Scope and classifications
23.117 The scope of the ICT satellite account is effectively determined by the range of products (goods and services) defined as information and communication technology. At the time, the satellite account was published the Working Party on Indicators for the Information Society convened by the OECD has produced a draft 'Classification of ICT Goods' and was working on a classification of ICT services. The ABS had significant input into this work and the classification used by the ABS in ICT Industry Survey (ICTIS) 2002-03 was broadly consistent with, but not identical to, the OECD classification as far as it relates to goods. The OECD definition included a broader range of goods than the Australian definition. The Australian definition only included ICT goods if they were able to be networked or were components of goods that could be networked. It also excluded a range of medical, scientific and audio visual equipment.
23.118 The scope of 'ICT industries' relates closely to the set of ICT products defined above. ICTIS 2002-03 was a major data source for the satellite account and covered the main industries involved in the production and distribution of ICT goods in Australia. Its scope was broadly consistent but not identical with the OECD ICT Sector definition. The Australian definition only included ICT products if they were able to be networked or were components of products that could be networked. Units that manufactured or distributed products such as industrial process equipment were included in the OECD classification but excluded from the ABS classification.
23.119 Within the 'ICTIS industries', businesses were further classified as either ICT specialists or non-specialists. Businesses in these industries were defined as ICT specialists if more than 50 percent of their income was derived from production of ICT outputs.
Economy-wide ICT industry
23.120 An alternative view was to group all similar activities together as an 'industry', regardless of whether the ICT products were produced as primary activities of businesses that were commonly thought of ICT producers, or as secondary activities of businesses that were not regarded as ICT producers. For example, ICT products such as software produced as a secondary activity by businesses (and government organisations) outside the ICT industries would be included. Likewise, non-ICT products produced by ICT specialist industries would be excluded. This leads to a wider definition of the 'ICT industry'. The disadvantage of this view is that estimates of ICT gross value added on this basis require use of assumptions because it is not possible to collect all the required information on the costs of producing ICT products or the value of output.
23.121 This wider activity concept of an ICT 'industry' is clearer in practice where it involves actual sales of ICT products. Defining the boundary becomes more complicated where ICT goods and services are produced in-house for own use. For example, a bank (classified to the financial services industry) may use its own employees to provide help desk services, data processing, system maintenance and software development, etc., or it may purchase these services from other businesses. Where these services are purchased, and regardless of the source of the purchase, they become part of the economy-wide ICT industry for inclusion in the satellite account. In the national accounts, goods and services produced for own use are not regarded as part of output where they are consumed as part of the process of producing other goods and services. In that case, their value is reflected in the other outputs of the business; in this example, financial services. In-house ICT products are included as products in their own right in the national accounts, being products in the nature of gross fixed capital formation (e.g. software development).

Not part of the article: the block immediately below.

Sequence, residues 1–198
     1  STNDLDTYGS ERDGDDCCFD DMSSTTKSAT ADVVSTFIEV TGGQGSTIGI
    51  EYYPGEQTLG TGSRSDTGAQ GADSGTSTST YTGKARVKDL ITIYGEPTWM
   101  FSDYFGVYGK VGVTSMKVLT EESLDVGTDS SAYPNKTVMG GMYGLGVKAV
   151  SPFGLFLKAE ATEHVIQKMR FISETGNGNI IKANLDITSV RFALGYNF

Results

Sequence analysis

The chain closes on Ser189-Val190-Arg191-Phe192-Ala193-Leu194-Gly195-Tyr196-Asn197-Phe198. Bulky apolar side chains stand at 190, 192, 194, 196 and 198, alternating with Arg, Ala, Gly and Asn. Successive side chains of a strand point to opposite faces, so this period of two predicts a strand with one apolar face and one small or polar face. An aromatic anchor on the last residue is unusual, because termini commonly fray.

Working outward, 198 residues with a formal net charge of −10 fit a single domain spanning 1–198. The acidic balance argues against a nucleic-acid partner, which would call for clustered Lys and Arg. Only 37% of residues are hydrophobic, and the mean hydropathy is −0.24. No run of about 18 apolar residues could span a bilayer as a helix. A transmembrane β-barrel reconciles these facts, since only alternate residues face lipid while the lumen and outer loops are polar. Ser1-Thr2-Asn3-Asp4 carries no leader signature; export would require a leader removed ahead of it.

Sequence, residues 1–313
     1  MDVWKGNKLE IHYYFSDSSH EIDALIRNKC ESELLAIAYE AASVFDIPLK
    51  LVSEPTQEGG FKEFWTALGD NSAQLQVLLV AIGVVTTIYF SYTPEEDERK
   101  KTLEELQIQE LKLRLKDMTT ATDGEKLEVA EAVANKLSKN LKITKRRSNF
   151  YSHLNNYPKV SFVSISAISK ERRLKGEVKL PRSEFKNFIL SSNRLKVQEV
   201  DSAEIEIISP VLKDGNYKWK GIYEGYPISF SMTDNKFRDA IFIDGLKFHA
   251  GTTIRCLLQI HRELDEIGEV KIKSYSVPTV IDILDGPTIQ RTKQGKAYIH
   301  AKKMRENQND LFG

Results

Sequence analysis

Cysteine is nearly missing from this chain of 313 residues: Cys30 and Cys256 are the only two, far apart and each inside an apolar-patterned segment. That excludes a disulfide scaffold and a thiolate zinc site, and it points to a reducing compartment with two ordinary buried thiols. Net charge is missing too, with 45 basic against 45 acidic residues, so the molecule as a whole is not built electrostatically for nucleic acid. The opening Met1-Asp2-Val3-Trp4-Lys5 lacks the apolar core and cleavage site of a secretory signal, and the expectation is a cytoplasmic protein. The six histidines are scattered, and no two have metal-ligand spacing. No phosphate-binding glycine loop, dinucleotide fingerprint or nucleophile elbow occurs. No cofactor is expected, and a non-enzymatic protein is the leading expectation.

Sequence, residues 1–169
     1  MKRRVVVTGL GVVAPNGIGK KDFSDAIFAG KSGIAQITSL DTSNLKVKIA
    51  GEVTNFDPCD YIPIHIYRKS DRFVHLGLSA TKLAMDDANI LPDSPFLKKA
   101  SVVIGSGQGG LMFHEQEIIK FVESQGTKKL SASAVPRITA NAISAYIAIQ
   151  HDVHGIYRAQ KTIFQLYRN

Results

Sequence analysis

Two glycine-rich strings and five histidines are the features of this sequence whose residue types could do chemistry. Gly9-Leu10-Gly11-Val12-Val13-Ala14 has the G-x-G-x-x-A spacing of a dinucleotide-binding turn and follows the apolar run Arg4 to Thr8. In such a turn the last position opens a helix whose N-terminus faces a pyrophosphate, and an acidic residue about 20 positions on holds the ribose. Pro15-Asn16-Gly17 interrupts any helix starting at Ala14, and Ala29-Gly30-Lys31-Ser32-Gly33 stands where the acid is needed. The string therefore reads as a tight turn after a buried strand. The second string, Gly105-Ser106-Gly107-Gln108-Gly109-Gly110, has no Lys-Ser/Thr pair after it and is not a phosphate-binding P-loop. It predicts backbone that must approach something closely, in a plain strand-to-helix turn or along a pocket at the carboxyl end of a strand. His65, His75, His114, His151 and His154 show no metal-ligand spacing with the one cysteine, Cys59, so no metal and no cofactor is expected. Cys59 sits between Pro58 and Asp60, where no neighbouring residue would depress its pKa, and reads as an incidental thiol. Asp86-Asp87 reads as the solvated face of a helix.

23.122 In principle, the scope of the ICT satellite account could conceivably be defined to include all ICT activity including in-house activity. Using the above example of a bank, help desk activities could be separately valued and included as part of ICT output and value added. The services would be deemed as being both 'sold' and then 'purchased' by the bank for input to the production of financial services. This quickly becomes an artificial construct. Businesses make different decisions about which functions to outsource and which to provide in-house across a whole range of activities, including accounting, payroll, transport, storage, recruitment and so on. In practice, it is not possible to collect the information required or to satisfactorily value such activities provided in-house.
23.123 An 'economy-wide' scope was adopted in the satellite account. ICT products produced in-house for own use were excluded from the output and use of ICT products, apart from in-house production of ICT capital goods (software and telecommunication assets).